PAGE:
CPCS Frequently Asked Questions

CPCS Frequently Asked Questions

November 25, 2019

With the Community Pharmacist Consultation Service (CPCS) now bedding in, below you will find a selection of questions about the service which PSNC has been asked by LPCs and pharmacy teams over the last few weeks.

View all our frequently asked questions on the CPCS


Q. Should the pharmacy’s consultation room be used for all CPCS consultations?
The consultation room should be used for all minor illness referrals, as the service is an alternative to the patient seeing a doctor, which would happen in a consulting room.  The consultation room should also be used in most cases for urgent supply consultations – where most of the consultation with the patient has already been conducted over the phone, there may not need to be a significant conversation with the patient and hence there may be less need to use the consultation room in that circumstance.

Q. Why do you have to phone the NHS 111 health professionals line in some areas of the country in order to speak to the GP OOH service?
In some areas, the GP OOH service and NHS 111 are integrated and hence access for patients and professionals to the GP OOH service is via NHS 111. If this is the case in the area where you practice, it should be detailed in Annex C of the service specification.

Q. What kinds of IT equipment could be used to access the CPCS IT system in the consultation room?
The CPCS IT system (Sonar or PharmOutcomes) is web-based, so any computer that allows access to the internet could be used, e.g. a desktop PC, laptop or tablet device.

Q. Can patients who do not live in England, such as temporary visitors or tourists, access the CPCS to obtain an urgent supply of a medicine or appliance?
An urgent supply via the CPCS is available to anyone in England who has recently been treated by the NHS and has received an NHS prescription for the item that is being requested. Patients treated in Wales, Scotland & Northern Ireland would be eligible, as would patients with prescriptions generated from other NHS organisations, for example, acute trusts.

For overseas patients visiting from countries outside the UK, an urgent supply under the CPCS could be made for a patient who was receiving ongoing care under the NHS with an NHS prescription and needed an urgent supply of medicines to continue treatment. For example, this might include a patient who was recently discharged from an NHS hospital or who were treated on the NHS and had received an NHS prescription under a reciprocal healthcare arrangement.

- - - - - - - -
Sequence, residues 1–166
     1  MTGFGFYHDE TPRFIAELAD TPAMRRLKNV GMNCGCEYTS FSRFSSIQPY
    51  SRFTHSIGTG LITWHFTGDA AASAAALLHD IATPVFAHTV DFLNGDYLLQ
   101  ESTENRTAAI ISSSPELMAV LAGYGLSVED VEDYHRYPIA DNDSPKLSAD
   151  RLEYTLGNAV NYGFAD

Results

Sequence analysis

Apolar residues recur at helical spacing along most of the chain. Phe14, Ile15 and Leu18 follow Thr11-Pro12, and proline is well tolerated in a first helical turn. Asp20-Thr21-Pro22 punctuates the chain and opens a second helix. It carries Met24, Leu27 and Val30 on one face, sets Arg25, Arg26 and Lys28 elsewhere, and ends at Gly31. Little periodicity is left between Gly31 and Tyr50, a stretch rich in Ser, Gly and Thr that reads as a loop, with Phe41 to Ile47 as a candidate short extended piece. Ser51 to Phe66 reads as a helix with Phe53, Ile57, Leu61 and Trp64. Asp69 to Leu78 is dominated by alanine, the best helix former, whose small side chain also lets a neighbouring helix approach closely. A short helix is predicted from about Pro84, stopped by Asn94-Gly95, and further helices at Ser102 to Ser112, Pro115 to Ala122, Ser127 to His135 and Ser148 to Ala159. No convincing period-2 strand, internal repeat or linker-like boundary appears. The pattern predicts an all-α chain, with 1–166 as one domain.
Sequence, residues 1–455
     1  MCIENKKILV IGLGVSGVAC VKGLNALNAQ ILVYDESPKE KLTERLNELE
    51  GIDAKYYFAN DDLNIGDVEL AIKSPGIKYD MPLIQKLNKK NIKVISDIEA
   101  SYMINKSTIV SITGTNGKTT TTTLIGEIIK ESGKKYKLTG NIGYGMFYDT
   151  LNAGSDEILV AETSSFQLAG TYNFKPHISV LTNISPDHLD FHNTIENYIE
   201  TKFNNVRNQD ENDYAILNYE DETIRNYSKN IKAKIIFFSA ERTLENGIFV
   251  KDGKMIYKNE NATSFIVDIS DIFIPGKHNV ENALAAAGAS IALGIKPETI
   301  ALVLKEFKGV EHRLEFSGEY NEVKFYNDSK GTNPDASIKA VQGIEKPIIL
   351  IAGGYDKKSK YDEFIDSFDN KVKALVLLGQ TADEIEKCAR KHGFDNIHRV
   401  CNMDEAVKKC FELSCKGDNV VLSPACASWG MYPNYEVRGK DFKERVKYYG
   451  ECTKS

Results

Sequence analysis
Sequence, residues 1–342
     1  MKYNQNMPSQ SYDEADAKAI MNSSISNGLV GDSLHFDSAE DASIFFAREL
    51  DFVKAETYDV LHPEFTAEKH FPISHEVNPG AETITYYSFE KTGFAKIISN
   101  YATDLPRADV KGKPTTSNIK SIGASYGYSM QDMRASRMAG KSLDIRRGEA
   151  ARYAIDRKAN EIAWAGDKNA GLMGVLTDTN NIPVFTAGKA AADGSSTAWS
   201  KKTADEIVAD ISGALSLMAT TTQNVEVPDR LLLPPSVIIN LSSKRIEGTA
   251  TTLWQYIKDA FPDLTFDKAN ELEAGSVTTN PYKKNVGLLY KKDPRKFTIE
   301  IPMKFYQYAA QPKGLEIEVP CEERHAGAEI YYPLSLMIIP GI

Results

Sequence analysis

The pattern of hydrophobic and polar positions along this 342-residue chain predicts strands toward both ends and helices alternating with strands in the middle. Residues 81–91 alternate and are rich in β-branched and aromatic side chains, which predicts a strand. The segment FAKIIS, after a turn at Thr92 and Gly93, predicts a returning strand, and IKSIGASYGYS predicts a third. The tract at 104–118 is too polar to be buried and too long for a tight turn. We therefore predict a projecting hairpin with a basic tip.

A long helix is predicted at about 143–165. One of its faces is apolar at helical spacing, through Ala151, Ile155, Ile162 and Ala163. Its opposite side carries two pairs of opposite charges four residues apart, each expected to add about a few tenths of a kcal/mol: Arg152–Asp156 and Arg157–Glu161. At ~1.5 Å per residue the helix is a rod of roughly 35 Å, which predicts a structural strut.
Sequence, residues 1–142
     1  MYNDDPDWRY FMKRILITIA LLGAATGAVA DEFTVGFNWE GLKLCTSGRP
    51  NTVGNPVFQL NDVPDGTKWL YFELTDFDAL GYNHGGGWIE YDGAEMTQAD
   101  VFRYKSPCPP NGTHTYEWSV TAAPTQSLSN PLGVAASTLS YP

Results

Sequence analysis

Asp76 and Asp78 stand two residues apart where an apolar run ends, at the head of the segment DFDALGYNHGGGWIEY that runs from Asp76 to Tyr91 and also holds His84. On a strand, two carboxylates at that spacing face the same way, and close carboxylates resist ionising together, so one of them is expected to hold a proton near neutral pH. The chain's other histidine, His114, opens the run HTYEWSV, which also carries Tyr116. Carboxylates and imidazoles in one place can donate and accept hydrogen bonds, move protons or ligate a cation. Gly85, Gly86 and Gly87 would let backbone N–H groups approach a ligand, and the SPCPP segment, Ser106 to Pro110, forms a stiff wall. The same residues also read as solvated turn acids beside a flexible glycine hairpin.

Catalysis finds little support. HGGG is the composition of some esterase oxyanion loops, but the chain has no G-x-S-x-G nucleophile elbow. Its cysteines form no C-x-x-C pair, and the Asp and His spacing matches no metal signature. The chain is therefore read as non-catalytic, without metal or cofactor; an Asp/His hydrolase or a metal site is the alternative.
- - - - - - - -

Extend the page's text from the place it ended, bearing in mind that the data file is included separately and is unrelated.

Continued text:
Q. A patient has contacted the pharmacy and said they had been referred for the CPCS, but there is no referral email or message in the CPCS IT system. How do I proceed?
The pharmacist should check with the patient the name of the pharmacy that they were referred to. If the patient has been referred to the correct pharmacy, the pharmacist should check again for a referral message. If no email or referral message is found, the pharmacist should contact the referring service, e.g. calling the NHS 111 Health Professionals Line (this number should be included in your SOP) . This should be recorded in the pharmacy and reported to the referring service provider as an incident.

Q. How do I claim payment for the provision of the CPCS?
All payments must be claimed via the MYS application on the NHSBSA website; no paper-based claims process is available for the service. The CPCS IT system (Sonar or PharmOutcomes) will be able to pre-populate claim information in MYS each month (from the start of December 2019 – this first claim will include activity from October and November 2019), so that the contractor then just needs to confirm that the information is correct and submit the claim.

Q. If we don’t agree with the CPCS claim information pre-populated into MYS by Sonar or PharmOutcomes, what should we do?
The claim information pre-populated into MYS will be a direct feed from Sonar or PharmOutcomes, based on the consultation information you have entered into whichever system is used in your pharmacy. If the data in MYS does not tally with your expectation, you should first check that all relevant referrals have been correctly processed in Sonar and PharmOutcomes; if a consultation has not been completed within the system, it will not appear in your MYS claim. Any consultations subsequently completed after the month end will appear in the claim created for the subsequent month.
If the above guidance does not address the discrepancy, you should contact Sonar or PharmOutcomes, as appropriate.

 



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